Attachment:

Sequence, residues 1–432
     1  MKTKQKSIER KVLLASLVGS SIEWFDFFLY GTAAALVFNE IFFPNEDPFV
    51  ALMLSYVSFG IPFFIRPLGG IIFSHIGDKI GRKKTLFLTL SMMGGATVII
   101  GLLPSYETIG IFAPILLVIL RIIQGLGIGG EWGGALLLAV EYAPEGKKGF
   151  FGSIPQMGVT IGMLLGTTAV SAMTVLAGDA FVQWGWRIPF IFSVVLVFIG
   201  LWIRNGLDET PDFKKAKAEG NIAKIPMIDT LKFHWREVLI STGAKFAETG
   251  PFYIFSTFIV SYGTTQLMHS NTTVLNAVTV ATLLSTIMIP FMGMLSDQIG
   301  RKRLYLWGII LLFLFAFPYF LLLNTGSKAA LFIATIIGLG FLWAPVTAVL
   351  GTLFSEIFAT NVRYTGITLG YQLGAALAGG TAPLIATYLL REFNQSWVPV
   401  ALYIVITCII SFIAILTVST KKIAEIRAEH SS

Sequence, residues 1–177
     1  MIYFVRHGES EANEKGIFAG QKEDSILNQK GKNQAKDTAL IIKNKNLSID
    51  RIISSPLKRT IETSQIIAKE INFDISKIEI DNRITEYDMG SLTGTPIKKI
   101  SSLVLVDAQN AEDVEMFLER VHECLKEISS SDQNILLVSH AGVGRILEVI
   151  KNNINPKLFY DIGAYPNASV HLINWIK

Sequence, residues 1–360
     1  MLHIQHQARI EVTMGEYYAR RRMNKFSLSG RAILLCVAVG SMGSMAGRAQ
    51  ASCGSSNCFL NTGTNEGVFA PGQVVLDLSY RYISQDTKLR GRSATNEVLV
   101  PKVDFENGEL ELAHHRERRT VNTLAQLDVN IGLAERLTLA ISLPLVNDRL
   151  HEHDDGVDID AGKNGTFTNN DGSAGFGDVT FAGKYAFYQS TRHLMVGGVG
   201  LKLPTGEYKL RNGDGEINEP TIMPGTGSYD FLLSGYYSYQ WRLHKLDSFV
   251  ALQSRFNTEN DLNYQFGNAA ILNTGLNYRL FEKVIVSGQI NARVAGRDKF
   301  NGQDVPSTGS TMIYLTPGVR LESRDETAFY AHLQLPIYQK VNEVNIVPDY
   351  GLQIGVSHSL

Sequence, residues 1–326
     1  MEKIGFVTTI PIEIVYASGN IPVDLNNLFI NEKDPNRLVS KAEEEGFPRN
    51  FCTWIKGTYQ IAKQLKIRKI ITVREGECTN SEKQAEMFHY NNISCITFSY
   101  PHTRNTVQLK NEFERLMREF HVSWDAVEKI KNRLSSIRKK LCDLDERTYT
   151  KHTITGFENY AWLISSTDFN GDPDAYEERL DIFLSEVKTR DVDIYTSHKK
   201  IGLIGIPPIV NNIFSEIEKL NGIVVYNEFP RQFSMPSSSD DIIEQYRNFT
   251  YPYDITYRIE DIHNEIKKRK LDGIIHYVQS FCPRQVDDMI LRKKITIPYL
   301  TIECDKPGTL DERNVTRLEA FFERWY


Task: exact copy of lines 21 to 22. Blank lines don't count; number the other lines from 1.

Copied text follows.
   201  LKLPTGEYKL RNGDGEINEP TIMPGTGSYD FLLSGYYSYQ WRLHKLDSFV
   251  ALQSRFNTEN DLNYQFGNAA ILNTGLNYRL FEKVIVSGQI NARVAGRDKF